Most notable for his work in Pink Skull. Geller co-founded the group in 2004 with Julian Grefe. What started out as a glitchy lo-fi house sound, later turned into electro house, and then morphed into a five-piece live psychedelic/krautrock indie dance band in the vein of the early DFA sound. Pink Skull released a few LP’s on RVNG Intl and remixed a number of singles for acts like HEALTH, Bear in Heaven, Architecture in Helsinki and Kasper Bjørke. Pink Skull DJ’ed in notable spaces like The Guggenheim and MOMA PS1 while the live band trekked around North America and Europe.
Geller and Grefe then disbanded the live band to become a two-man production group creating dark, primal acid house and released LPs and 12 inch singles with labels such as My Favorite Robot, Throne of Blood and Days of Being Wild. They also produced two ambient LPs under their side project, Clean Plate. After working in a duo for most of his musical life, Geller wanted to release some work in a solo capacity different from Pink Skull.
At first, Geller wasn’t sure exactly what the sound of Remote Places would be. By chance, a friend offered him an opportunity to contribute some music for an upcoming film. Geller sent over a song he was writing called “It All Comes Back to You” to the director, Ned Benson, and it ultimately featured in a 90 second scene in the film, The Disappearance of Eleanor Rigby (starring James McAvoy and Jessica Chastain).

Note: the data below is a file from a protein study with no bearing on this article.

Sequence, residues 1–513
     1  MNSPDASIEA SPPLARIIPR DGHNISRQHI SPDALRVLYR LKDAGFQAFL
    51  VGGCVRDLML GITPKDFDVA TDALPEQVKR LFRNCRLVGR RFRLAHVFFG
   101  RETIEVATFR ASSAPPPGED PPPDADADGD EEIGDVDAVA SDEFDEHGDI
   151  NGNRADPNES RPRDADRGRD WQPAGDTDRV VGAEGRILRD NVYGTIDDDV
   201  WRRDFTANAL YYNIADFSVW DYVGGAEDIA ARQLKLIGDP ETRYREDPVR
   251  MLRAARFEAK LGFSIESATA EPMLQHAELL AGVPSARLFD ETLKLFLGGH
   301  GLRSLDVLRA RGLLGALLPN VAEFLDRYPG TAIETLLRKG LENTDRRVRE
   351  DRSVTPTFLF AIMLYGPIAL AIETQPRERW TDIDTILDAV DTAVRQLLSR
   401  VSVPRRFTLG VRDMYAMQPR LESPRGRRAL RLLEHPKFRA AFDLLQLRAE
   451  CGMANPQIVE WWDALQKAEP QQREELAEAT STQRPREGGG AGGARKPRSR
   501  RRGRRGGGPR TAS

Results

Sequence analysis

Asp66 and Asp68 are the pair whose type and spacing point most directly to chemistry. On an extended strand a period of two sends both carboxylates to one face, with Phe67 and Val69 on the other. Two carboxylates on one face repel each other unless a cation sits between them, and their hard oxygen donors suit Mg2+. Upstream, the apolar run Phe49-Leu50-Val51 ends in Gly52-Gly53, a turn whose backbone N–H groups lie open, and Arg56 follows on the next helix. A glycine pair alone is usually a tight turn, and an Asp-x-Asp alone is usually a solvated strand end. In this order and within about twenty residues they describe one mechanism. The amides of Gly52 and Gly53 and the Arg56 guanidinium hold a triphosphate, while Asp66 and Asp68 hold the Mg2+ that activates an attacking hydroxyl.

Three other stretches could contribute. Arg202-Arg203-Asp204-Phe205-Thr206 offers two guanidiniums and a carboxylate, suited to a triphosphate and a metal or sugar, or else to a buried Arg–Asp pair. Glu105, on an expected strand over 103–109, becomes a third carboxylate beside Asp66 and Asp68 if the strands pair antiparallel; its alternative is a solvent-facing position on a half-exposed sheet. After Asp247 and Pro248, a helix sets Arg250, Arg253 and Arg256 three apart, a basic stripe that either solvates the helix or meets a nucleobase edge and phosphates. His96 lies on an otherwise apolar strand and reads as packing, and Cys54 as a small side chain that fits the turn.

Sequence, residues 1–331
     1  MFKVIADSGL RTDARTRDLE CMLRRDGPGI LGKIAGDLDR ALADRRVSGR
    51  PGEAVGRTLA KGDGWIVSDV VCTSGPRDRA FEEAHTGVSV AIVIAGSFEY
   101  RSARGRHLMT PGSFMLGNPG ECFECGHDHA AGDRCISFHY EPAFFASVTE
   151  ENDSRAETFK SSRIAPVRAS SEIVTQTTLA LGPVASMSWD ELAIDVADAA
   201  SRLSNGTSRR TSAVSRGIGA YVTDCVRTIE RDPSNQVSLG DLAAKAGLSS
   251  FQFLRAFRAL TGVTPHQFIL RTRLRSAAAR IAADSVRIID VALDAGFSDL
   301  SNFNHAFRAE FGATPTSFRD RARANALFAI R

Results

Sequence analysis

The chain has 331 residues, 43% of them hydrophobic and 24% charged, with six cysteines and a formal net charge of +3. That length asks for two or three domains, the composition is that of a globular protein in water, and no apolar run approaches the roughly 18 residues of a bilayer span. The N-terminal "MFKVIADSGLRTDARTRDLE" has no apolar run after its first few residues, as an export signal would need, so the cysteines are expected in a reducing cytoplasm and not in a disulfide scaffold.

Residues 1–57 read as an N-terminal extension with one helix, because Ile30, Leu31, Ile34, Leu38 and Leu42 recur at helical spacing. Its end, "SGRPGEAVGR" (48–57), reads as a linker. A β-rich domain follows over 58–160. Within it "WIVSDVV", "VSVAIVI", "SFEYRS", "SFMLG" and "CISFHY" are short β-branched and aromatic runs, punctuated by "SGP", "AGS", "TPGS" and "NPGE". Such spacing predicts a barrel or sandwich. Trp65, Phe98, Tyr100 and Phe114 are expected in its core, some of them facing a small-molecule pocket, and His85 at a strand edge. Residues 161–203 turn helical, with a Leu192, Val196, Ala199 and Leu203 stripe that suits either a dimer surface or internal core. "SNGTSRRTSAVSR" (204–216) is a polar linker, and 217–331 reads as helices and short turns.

The song’s inclusion was what Geller was looking for and gave him the inspiration to head back into the studio. Remote Places’ debut EP, “Nights and Weekends”, was co-produced and recorded with Jeff Zeigler (War on Drugs, Kurt Vile, Nothing). Along with Ziegler, Sean McGuinness of Pissed Jeans came aboard to record drums, as well as Grefe (S PRCSS) on guitar, Mikele Edwards (Myrrias) on vocals/piano and Mike Hammel (The Ropers) on bass. It’s the result of a lifetime of music obsession and a year or so of writing and recording. Mark Robinson of Teen Beat Records and Unrest/Flin Flon was contacted to see if he could help establish a visual direction for the project, and also signed on to produce the first video. Geller’s new sound gives a nod to the past, getting comparisons to classic alternative music like The Cure, New Order and, The Smiths, but also showing similarities to contemporary artists like The National, Washed Out, and Wild Nothing.
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